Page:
Cell Phone Plans: How Much Data Do You Really Need?

Our love affair with data is strong. So strong, in fact, that wireless carriers are doubling down on unlimited data.

Rather than bumping up to unlimited, dig into your habits and learn more about your favorite apps. You can likely cut down your data usage with a few simple tweaks. And you may find you can reduce your data plan — and your monthly bill — in the process.

To figure out how much data you really need, take these three steps:

Know how much data you use. Don’t worry, you don’t need to keep a log. Your phone already tracks this for you.
Understand how much data your apps use. Do you know how much data Netflix uses or how many streaming settings Spotify offers? Read on and you will.
Learn how to adjust your usage. Small tweaks to your apps’ behavior, and your own, can cut the amount of data you use each month.
Once you’ve adjusted and tracked your data for month or two, you’ll know how much data you really need. Then you can find the plan that best fits your usage.

How much data you use
The average smartphone owner uses 2GB to 5GB of data each month. To know whether your usage falls above or below that threshold, look no further than your own phone.

Most carriers also have a mobile app that will track your data usage. The My Verizon Mobile app, for example, calculates data usage for each line on your account.

As you were checking your stats, you probably noticed that some apps are more greedy than others. It’s common knowledge that streaming video or music uses heaps of data.

Streaming 30 minutes of video per day via apps such as Facebook, YouTube or Netflix uses more than 5GB of data in a month, for example.

What’s not common knowledge is how much data usage varies by app and streaming quality. Those can be big variables, so understanding the difference is important. Spotify has four streaming settings. Google Play has three. YouTube has seven and will adjust yours based on your connection, unless you select a streaming quality.

How to adjust your usage
Once you know how much data your apps use, you can take steps to decrease your usage — and that doesn’t necessarily mean watching fewer videos. From your settings menu, you can turn off certain apps so they don’t use data at all, or you can adjust the settings in your favorite apps to reduce your data usage without really changing how you use your phone. You’ll need to do this in each app, though you can focus on the ones that take up the most data.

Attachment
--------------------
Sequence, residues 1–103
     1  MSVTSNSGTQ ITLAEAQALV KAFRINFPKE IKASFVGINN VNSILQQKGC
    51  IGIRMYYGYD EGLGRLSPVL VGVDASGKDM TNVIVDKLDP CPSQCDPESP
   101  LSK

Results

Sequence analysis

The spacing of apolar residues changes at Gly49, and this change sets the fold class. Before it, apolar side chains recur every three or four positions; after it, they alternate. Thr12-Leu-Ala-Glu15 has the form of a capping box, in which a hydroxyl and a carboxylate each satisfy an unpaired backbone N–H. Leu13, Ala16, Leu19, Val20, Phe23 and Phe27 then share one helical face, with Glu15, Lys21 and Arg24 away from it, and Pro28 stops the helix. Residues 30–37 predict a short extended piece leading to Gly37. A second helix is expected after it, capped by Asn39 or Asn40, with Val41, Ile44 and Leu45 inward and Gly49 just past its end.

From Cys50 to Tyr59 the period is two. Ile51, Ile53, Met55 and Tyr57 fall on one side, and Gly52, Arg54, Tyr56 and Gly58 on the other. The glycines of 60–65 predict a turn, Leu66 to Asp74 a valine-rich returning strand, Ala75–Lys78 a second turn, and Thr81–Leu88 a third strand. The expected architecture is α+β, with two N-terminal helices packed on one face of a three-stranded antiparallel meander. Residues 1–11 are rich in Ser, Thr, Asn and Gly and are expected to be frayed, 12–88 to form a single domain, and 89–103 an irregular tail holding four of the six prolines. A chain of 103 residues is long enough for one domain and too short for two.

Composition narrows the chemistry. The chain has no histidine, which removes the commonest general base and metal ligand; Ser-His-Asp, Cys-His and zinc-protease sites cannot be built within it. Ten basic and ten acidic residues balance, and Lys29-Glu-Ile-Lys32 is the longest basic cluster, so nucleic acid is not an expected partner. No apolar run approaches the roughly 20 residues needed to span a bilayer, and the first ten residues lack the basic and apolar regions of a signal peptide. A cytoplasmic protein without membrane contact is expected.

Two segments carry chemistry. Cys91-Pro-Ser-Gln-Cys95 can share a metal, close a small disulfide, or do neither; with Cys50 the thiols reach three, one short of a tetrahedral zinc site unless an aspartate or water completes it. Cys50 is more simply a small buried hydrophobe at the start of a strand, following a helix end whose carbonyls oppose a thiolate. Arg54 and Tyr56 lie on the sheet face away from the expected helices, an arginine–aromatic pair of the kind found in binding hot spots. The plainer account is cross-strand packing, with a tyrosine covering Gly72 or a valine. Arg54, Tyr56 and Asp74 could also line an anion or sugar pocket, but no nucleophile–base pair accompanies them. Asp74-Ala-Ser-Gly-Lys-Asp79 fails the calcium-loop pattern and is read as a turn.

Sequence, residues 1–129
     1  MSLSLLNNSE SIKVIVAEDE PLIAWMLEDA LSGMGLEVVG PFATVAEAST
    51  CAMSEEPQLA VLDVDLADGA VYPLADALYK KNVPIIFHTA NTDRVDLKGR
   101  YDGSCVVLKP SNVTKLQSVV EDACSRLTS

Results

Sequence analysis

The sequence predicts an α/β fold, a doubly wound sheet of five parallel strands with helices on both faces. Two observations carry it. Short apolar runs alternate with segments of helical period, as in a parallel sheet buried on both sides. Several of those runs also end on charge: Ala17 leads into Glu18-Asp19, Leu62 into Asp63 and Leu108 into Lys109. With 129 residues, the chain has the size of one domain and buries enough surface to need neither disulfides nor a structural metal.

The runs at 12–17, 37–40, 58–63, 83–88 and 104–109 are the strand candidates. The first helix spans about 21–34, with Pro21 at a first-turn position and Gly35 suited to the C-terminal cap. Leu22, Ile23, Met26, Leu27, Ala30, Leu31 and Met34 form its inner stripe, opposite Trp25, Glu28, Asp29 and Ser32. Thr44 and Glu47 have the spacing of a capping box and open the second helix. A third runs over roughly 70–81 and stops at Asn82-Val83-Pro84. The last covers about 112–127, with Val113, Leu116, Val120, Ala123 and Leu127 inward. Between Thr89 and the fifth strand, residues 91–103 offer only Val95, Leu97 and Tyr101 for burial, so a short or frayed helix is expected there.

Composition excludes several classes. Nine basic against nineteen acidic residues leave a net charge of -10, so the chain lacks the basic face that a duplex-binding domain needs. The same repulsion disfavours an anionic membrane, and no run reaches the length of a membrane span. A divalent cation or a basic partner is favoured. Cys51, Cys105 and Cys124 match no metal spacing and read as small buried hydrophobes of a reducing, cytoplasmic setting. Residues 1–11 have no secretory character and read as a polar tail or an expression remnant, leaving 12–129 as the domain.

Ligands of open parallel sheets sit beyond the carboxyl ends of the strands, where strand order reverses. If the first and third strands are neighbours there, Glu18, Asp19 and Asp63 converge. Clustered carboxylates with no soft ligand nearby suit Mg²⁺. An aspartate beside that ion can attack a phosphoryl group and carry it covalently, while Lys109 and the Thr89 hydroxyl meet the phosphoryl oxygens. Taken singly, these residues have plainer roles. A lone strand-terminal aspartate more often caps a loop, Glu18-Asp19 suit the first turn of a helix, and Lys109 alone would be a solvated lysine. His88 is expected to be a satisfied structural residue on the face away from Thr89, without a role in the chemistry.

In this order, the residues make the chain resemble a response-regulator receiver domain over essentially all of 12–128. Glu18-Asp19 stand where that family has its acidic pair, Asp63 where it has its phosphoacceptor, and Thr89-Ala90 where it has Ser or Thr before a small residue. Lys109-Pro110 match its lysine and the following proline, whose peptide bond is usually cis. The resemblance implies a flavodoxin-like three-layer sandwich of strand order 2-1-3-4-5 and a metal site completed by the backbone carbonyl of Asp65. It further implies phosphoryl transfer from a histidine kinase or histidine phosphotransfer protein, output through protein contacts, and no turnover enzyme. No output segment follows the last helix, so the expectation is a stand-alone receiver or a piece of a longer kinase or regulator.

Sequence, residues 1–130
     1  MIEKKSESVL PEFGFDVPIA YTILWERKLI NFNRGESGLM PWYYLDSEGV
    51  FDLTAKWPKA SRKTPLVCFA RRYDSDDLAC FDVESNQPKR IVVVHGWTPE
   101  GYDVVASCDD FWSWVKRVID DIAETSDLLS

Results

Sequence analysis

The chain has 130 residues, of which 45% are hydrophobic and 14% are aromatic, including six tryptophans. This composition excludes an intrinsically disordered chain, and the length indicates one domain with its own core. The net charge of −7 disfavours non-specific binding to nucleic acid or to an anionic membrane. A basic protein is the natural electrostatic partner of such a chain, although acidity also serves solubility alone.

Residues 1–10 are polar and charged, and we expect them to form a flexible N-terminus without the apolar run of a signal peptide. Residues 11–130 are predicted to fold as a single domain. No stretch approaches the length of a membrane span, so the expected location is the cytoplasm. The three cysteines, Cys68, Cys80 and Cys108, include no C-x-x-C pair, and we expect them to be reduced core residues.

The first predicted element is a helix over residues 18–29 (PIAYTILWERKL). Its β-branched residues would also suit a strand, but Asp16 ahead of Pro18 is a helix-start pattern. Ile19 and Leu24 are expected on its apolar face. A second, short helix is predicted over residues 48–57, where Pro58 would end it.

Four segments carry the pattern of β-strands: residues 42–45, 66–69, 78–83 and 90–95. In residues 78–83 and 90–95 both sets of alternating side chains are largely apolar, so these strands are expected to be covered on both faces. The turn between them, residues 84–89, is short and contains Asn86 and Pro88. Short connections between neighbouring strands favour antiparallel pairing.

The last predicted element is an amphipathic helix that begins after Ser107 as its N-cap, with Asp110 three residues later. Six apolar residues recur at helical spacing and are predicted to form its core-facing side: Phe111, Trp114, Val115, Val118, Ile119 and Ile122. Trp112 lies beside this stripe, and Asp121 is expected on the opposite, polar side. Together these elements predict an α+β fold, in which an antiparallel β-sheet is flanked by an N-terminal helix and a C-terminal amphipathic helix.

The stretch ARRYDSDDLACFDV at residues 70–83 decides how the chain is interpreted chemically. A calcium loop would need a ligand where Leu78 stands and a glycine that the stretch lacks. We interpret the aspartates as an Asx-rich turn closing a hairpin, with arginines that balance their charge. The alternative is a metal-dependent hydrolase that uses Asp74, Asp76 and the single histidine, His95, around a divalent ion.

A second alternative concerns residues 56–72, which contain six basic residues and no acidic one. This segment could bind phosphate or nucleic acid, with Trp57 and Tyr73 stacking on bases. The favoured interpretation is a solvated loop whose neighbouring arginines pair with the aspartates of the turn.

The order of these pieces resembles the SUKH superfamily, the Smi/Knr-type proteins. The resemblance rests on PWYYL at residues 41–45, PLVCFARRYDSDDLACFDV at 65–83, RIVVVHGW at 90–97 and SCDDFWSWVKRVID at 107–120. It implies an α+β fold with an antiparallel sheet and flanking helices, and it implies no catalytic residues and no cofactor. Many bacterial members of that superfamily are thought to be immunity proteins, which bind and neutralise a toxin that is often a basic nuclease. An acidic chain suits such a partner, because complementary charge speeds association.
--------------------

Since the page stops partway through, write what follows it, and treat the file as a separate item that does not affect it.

Switch to a lower streaming quality on music and video apps. You can usually find this option in each app’s Settings menu.

You should also check the settings on your social media apps, many of which also play videos. Facebook, for example, automatically plays videos in your feed as you scroll. This can eat up a lot of data. Manage this feature by going to “App Settings” while in your Facebook app and clicking on “Autoplay.” Then select either “Never Autoplay Videos” or choose to play them only when connected to Wi-Fi.

That brings us to the next great way to minimize your data usage: Wi-Fi.

When you connect to Wi-Fi, you stop using cellular data. That means you can stream, download and upload to your heart’s content without cutting into your data allotment.

If you always listen to Spotify on your commute, download your playlist while you’re home and connected to Wi-Fi, then listen in offline mode and save your data for something else, suggests Phil Burrows, a spokesman for Verizon Wireless.

Educating yourself on data should go a long way toward managing your usage. But if you’re still running up high data numbers and can’t figure out why, Burrows suggests talking to your carrier.

“Don’t be afraid to swing by,” Burrows says. “Whether it’s via Web chat or with someone at the store, these guys live, eat and breathe this stuff and they can walk you through how you’re using your phone.”

Revisiting your plan
After you’ve made adjustments — to your apps’ behavior and your own — you can determine how many gigabytes you actually need. A good rule of thumb is to wait a month or two for your usage to reflect your new habits. Then check your bill, your carrier’s app or your phone’s data usage meter. If your usage is well under your current plan’s limits, it might be time to switch plans — or even providers.

Each wireless company structures its plans differently. The table below will help you compare pricing among the four main carriers. Keep in mind features, like unlimited video or music streaming, when choosing a plan. And don’t forget to consider coverage. Saving $10 per month on a data package — prepaid or traditional — won’t mean much if you can’t use your phone where you want.

Source:-Nerd Data

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